LA JOLLA: Harris English fired a six-under par 66 on Friday (Saturday in Manila) to grab a two-stroke lead at the Farmers Insurance Open, as five-time major winner Phil Mickelson joined Tiger Woods on the sidelines.
English had six birdies and no bogeys on the North Course at Torrey Pines, the easier of the two layouts used in the first two rounds of the $6.3 million US PGA Tour event.
The final two rounds will be played on the tougher South Course, but neither Woods nor Mickelson will be there.
Former world number one Woods hobbled off with an aching back after 11 holes of his opening round on Thursday, while Mickelson posted a 72 on the North Course to miss the cut.
English, a two-time winner on the US tour, leads the weekend charge with a 10-under total of 134. American Nick Watney fired a 65 to head a group on 136 that also includes Scotland’s Martin Laird, who posted a 68, and Venezuela’s Jhonattan Vegas, who signed for a 69.
Nicholas Thompson, who led the first round with a 64, carded a 73 and was alone in fifth on 137.
Australia’s Jason Day and England’s Ian Poulter headlined a group of 10 players tied for sixth on 138.
The first round was completed Friday morning after fog delays totaling more than two hours on Thursday.
English opened his second round with a birdie at the par-five first of the North Course and after five pars picked up another stroke at the seventh.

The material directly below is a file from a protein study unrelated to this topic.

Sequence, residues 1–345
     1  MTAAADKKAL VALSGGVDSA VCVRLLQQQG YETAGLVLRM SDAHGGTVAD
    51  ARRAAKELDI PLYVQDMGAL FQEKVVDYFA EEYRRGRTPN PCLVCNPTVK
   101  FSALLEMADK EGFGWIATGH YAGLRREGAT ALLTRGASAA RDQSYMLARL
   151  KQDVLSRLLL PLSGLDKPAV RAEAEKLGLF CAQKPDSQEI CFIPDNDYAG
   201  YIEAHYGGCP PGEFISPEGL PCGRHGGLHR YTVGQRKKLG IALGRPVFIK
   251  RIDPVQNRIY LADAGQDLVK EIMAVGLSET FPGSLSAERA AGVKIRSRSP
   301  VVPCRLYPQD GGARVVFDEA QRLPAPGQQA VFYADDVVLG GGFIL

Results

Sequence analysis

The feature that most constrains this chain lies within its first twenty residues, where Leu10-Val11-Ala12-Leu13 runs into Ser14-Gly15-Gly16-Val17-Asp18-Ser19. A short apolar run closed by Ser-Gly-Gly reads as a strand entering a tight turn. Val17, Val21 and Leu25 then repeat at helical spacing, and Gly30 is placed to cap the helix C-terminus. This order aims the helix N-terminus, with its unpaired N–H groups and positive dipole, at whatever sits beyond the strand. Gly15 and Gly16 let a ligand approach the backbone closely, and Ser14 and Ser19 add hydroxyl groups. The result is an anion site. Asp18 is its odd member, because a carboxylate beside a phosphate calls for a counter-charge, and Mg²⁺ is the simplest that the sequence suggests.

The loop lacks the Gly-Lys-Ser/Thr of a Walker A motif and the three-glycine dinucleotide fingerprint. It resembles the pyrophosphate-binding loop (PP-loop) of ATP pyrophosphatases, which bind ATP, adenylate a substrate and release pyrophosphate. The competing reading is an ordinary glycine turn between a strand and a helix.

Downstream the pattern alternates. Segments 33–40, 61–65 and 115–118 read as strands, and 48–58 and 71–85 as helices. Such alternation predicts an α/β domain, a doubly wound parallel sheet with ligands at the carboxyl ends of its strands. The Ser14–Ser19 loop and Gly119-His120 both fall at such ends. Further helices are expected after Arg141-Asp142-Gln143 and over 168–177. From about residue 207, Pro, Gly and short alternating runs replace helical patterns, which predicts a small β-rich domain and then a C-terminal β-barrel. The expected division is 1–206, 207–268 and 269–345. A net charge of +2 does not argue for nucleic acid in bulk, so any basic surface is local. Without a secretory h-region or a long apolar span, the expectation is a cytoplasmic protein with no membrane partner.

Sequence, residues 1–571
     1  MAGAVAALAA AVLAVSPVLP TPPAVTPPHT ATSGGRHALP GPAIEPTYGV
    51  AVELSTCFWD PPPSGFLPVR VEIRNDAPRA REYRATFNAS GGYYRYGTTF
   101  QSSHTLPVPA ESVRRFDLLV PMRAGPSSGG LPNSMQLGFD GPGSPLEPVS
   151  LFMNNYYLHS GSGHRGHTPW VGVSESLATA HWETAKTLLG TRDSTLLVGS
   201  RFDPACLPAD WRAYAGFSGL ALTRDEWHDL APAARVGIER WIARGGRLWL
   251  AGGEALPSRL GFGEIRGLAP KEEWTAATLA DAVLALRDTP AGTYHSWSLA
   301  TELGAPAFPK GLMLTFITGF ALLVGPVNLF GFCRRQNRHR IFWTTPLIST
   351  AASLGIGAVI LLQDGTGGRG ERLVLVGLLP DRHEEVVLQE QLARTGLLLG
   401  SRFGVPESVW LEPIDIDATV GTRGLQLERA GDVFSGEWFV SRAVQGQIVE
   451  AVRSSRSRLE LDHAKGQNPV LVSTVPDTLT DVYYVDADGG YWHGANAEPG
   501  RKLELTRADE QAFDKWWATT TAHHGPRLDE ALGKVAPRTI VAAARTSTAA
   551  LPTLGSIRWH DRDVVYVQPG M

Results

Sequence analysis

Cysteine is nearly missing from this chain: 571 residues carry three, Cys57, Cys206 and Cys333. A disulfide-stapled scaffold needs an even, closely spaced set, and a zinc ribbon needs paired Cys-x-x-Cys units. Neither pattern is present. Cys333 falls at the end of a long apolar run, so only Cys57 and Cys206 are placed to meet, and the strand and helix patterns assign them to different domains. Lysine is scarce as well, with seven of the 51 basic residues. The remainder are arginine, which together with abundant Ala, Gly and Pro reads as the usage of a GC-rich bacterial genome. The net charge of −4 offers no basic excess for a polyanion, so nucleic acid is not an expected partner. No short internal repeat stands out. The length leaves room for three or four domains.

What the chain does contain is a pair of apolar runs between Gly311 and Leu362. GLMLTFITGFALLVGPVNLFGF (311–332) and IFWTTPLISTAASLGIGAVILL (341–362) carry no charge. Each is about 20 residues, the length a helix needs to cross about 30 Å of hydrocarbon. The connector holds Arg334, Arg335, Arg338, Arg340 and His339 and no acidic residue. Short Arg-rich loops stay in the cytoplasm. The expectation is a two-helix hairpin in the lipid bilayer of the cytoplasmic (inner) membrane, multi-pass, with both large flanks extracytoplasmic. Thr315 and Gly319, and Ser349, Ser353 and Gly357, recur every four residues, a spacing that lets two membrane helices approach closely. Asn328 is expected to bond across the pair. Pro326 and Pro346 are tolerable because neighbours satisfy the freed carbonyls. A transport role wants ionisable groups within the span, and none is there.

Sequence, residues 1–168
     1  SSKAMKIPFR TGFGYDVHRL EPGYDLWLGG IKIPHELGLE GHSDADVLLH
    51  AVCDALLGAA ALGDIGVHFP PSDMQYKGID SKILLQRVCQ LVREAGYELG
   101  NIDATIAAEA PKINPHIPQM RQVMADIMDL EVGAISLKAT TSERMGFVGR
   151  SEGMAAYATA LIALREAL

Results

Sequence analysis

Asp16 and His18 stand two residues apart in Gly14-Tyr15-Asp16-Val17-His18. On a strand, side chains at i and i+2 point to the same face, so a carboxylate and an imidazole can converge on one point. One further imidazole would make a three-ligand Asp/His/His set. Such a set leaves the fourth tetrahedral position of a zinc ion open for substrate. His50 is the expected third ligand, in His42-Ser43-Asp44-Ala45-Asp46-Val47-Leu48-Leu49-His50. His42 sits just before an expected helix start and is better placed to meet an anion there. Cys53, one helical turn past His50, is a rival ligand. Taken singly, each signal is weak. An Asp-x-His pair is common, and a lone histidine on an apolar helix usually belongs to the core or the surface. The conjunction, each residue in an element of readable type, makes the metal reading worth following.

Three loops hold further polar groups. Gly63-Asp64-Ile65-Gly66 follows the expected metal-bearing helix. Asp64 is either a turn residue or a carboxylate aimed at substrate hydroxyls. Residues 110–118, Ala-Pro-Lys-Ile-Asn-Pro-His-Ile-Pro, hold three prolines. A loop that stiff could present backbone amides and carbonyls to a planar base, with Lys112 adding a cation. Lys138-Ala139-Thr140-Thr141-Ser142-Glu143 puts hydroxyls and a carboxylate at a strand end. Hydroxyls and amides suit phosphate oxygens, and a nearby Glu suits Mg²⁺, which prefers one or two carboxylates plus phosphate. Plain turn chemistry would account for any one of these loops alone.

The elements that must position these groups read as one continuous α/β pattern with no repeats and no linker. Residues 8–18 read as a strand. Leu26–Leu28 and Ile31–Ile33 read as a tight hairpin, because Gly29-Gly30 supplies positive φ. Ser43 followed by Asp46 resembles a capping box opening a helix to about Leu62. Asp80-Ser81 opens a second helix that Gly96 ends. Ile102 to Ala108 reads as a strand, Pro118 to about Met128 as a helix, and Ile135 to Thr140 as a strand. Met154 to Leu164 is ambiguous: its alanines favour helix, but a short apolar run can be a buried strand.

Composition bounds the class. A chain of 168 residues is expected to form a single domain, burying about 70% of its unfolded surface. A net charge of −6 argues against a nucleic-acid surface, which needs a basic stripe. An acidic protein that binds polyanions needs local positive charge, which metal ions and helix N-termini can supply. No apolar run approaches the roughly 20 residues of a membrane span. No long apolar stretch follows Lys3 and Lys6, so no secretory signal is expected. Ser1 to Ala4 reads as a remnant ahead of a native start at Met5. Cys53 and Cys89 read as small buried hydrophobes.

The 25-year-old also birdied the par-five ninth and the 10th then added two more birdies at 14 and 17.
“I got it rolling a little bit today,” English said. “It’s hard to make a lot of birdies on the South Course, but the North, you can tear up a little more. I hit some good shots in there close, and made some birdies.”
Mickelson’s even par effort was better than his two-over opening round, but putting woes doomed him to a second straight missed cut.
“It’s very frustrating for me right now,” said the 44-year-old American. “I felt really ready to start the year and these first few weeks have been very poor. I feel like I’m hitting the ball tee to green quite well, really well, but my putting is beyond pathetic.
“If I can’t get back to the levels of 2013, I’m not sure what I’m going to do,” added Mickelson, who is coming off a season in which he failed to win for the first time since 2003.
Mickelson, who tried both a conventional and “claw” putting grip, admitted that his struggles on the greens were getting him down.
“I’m down because I see other parts of my game do very well, but putting as bad as I have, it starts to creep into some of the other areas, too,” he said.